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Cracking Down on Construction Industry Fraud: FinCEN and IRS-CI Tackle Payroll Tax Evasion and Workers’ Compensation Schemes

Due DiligenceCracking Down on Construction Industry Fraud: FinCEN and IRS-CI Tackle Payroll Tax Evasion and Workers' Compensation Schemes

FinCEN has released a notice titled “FinCEN Highlights Payroll Tax Evasion and Workers’ Compensation Fraud in Construction.” The notice reveals that illicit actors are causing state and federal tax authorities to lose hundreds of millions of dollars annually through these fraudulent activities, primarily conducted through banks and check cashers.

The schemes involve the creation of shell companies to help construction contractors evade workers’ compensation premiums and payroll taxes. These shell companies obtain minimal workers’ compensation policies and rent or sell them to contractors with more employees than the policies can cover. This allows the shell companies to gain official business registration status, including licenses and tax documents, which they provide to contractors. This constitutes insurance fraud, which can also lead to federal charges under mail and wire fraud statutes, often associated with money laundering charges.

Contractors further use these shell companies to pay workers “off the books,” avoiding required state and federal payroll taxes. They write checks to the shell companies, creating the illusion of legitimate construction projects. These checks are either deposited into bank accounts with bulk cash withdrawals or cashed at check cashers, which are considered financial institutions obligated to report suspicious activities. The shell company operators return the cash to contractors after deducting a fee for their participation in the scheme. This results in payroll tax fraud as contractors evade their payroll tax and insurance responsibilities.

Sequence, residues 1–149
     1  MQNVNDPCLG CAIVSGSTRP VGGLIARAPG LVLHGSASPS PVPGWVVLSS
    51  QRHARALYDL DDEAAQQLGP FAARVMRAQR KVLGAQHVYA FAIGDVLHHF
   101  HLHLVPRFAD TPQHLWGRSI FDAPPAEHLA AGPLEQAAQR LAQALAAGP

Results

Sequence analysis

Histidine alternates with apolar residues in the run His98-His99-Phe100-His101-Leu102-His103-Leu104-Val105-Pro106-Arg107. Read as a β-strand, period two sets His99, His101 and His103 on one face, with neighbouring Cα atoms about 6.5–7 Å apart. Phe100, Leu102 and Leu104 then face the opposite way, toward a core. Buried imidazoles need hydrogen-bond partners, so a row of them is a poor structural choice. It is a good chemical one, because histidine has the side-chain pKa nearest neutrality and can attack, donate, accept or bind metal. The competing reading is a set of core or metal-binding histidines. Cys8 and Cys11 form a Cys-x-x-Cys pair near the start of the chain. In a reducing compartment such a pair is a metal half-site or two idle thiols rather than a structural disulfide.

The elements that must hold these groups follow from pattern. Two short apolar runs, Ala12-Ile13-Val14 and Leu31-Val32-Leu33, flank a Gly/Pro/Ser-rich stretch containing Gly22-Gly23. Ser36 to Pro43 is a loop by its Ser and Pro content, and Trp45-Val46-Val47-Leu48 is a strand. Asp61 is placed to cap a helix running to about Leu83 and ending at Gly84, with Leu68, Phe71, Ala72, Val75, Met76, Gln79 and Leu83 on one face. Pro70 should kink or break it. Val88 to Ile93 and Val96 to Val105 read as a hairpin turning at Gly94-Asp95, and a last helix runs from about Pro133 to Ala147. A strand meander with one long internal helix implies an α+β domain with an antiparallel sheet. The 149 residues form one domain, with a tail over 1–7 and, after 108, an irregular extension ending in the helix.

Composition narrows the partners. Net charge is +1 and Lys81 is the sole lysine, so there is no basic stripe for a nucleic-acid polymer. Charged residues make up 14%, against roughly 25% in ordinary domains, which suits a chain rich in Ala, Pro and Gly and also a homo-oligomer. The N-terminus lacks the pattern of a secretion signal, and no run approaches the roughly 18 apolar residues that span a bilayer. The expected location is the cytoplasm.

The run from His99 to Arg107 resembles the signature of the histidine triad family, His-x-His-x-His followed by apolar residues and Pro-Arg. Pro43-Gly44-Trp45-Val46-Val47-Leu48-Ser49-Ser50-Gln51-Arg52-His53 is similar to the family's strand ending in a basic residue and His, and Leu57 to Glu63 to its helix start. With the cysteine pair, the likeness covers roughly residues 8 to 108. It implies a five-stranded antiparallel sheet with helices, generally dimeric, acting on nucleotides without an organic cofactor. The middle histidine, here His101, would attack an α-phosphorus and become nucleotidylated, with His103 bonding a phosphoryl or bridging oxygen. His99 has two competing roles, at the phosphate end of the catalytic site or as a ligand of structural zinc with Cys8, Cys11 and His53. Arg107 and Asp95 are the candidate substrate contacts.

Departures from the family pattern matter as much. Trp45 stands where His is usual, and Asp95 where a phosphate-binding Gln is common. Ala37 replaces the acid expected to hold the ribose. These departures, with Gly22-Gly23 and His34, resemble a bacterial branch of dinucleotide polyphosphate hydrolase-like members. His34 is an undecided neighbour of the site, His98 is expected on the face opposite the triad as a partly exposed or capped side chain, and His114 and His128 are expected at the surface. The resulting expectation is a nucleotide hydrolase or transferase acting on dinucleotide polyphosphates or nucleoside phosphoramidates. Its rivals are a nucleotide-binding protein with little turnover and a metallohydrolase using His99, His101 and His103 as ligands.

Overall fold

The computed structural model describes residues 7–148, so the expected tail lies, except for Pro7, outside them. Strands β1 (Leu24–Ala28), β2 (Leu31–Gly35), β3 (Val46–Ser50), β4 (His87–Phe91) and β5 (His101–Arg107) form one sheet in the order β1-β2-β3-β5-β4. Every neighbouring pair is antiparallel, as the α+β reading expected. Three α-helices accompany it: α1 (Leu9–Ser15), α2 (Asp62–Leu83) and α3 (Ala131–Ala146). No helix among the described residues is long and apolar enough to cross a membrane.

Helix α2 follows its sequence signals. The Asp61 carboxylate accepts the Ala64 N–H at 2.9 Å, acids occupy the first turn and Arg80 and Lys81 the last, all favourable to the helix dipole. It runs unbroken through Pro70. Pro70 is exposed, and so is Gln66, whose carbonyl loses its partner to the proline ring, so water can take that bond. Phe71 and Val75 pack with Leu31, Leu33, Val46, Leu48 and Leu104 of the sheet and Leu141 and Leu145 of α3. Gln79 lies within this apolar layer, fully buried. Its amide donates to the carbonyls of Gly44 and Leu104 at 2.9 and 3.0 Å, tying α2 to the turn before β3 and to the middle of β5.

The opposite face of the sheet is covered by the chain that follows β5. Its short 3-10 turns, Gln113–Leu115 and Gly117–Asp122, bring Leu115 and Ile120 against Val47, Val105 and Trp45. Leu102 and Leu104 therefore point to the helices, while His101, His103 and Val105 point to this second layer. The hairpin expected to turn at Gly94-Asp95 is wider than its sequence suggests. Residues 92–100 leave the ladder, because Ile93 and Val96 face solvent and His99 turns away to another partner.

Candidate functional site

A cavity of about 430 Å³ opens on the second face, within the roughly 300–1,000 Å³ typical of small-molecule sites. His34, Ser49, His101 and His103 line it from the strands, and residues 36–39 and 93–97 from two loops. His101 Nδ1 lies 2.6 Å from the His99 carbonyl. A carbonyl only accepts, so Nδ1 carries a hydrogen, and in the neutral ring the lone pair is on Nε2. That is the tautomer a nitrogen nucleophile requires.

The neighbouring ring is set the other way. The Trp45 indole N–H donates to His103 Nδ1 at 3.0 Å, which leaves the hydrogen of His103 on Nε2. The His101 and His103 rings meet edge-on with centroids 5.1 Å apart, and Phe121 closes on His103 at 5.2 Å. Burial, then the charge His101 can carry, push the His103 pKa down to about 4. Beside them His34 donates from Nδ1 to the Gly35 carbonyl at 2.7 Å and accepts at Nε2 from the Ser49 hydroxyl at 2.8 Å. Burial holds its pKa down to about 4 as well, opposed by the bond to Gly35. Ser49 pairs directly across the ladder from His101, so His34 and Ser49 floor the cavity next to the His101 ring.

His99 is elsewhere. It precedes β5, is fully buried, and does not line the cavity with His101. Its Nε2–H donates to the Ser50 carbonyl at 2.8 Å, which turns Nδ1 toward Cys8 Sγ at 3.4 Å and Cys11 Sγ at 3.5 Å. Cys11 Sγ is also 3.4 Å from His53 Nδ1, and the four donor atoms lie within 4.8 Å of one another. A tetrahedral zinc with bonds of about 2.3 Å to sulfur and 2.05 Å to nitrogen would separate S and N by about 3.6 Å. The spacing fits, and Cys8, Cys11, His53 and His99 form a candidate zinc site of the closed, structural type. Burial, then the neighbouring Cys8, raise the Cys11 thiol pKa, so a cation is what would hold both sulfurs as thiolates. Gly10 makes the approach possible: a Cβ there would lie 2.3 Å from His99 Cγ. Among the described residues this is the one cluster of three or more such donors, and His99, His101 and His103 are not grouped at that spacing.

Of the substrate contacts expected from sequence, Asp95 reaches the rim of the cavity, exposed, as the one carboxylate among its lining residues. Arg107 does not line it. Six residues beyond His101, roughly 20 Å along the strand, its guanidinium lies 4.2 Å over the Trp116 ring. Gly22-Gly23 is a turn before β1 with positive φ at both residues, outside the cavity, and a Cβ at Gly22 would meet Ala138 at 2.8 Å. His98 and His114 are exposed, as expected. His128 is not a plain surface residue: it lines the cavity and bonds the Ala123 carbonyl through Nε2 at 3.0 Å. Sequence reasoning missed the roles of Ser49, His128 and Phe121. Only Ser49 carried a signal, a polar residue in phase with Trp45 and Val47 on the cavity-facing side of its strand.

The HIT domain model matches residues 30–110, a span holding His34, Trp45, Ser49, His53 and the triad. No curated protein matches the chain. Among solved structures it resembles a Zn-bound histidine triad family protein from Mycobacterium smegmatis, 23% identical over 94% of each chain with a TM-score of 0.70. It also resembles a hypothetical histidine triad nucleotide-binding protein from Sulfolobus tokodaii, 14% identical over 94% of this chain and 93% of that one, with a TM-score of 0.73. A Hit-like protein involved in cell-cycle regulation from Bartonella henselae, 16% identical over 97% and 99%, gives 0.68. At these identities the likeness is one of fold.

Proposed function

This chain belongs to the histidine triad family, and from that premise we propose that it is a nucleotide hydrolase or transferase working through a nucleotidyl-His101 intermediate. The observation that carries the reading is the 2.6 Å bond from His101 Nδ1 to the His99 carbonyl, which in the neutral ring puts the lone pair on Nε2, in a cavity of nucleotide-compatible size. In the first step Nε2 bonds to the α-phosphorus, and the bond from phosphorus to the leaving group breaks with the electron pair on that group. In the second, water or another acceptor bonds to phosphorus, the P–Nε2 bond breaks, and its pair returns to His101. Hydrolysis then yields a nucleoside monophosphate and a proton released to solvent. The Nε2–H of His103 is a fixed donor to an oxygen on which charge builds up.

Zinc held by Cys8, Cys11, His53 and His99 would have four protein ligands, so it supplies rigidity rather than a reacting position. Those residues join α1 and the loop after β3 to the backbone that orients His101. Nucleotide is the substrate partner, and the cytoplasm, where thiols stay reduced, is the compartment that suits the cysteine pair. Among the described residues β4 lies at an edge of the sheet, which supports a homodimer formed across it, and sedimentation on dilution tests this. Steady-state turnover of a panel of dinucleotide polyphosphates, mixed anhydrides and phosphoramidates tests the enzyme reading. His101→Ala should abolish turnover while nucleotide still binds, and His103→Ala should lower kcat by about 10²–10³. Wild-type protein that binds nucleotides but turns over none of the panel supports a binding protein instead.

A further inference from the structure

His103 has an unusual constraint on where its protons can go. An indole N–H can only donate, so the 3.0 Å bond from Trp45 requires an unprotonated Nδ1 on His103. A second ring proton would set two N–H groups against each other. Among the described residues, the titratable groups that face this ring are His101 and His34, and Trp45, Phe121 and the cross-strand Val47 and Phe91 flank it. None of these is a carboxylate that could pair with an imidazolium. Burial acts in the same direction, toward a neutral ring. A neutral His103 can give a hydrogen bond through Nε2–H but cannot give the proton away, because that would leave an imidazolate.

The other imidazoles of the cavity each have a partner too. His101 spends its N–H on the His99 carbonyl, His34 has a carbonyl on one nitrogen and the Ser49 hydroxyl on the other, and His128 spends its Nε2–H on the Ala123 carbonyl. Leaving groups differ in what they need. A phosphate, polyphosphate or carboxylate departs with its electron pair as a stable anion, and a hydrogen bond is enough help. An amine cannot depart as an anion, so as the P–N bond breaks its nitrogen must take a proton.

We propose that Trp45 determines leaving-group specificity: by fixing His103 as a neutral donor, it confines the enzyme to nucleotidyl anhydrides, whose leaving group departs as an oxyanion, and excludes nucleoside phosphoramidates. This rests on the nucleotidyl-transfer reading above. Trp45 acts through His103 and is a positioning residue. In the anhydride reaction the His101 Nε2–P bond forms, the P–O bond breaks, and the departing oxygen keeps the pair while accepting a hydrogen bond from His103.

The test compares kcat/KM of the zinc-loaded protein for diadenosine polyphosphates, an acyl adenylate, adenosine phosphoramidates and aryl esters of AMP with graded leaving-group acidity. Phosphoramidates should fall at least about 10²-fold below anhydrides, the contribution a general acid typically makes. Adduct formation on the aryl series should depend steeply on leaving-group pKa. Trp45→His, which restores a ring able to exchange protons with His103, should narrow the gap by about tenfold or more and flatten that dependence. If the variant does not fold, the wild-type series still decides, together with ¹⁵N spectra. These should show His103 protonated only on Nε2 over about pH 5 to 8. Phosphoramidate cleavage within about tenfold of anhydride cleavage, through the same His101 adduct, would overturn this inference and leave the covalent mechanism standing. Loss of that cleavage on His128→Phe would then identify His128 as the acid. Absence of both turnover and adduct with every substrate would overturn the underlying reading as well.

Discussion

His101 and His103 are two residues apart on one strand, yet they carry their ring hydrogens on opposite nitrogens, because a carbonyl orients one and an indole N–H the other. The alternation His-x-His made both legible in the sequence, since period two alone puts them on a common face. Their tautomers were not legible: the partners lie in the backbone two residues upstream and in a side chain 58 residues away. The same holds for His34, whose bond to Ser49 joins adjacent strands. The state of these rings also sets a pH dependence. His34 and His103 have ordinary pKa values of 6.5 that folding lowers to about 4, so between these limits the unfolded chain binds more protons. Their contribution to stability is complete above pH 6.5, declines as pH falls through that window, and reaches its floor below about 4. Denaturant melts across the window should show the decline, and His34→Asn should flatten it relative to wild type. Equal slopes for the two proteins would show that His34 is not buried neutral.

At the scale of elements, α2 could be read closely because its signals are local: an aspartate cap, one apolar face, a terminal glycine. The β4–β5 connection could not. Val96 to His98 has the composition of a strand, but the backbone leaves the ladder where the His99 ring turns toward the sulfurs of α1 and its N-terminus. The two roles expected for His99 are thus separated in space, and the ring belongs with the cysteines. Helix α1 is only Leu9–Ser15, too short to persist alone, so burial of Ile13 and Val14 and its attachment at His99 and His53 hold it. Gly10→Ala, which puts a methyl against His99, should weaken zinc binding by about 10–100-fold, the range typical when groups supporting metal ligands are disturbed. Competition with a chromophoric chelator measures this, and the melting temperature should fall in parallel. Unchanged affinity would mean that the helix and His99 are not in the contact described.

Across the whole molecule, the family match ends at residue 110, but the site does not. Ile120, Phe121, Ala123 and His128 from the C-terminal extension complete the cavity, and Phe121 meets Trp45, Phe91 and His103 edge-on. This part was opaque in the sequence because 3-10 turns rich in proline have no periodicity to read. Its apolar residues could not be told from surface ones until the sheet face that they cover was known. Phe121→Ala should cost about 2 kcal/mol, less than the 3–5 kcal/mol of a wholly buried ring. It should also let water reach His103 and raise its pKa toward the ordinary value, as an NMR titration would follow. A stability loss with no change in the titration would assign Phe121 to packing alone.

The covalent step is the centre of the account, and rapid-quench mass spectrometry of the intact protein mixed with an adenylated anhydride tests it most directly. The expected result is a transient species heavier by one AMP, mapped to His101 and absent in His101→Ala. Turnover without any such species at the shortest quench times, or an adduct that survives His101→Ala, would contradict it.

These schemes often involve undocumented workers and individuals operating the shell companies without documentation, which is also a federal offense.

The notice outlines 11 red flags to help financial institutions detect and report suspicious transactions associated with such schemes. However, some of these red flags require substantial knowledge or inquiry by the financial institution, posing challenges for assessment. Additionally, the term “shell company” is used frequently but may not always indicate illegitimate activity, making it difficult to determine if a corporate entity is being misused.

IRS-CI played a significant role in creating this notice, emphasizing the importance of BSA reports from financial institutions in their investigations. The notice introduces a new SAR filing instruction for this type of activity, classifying it as “FRAUD-Other” and mentioning “Payroll tax evasion” and/or “workers compensation” in the text box.

In conclusion, payroll tax evasion and workers’ compensation fraud in the construction industry are significant concerns for tax authorities and law enforcement, with FinCEN and IRS-CI actively addressing these issues. Financial institutions are advised to exercise caution, particularly with construction companies, and apply enhanced due diligence to those with certain characteristics, such as non-U.S. passport holders, substantial check cashing, or limited online presence.cc

By FCCT Editorial Team

Disclaimer: The views expressed in this article are independent views solely of the author(s) expressed in their private capacity.

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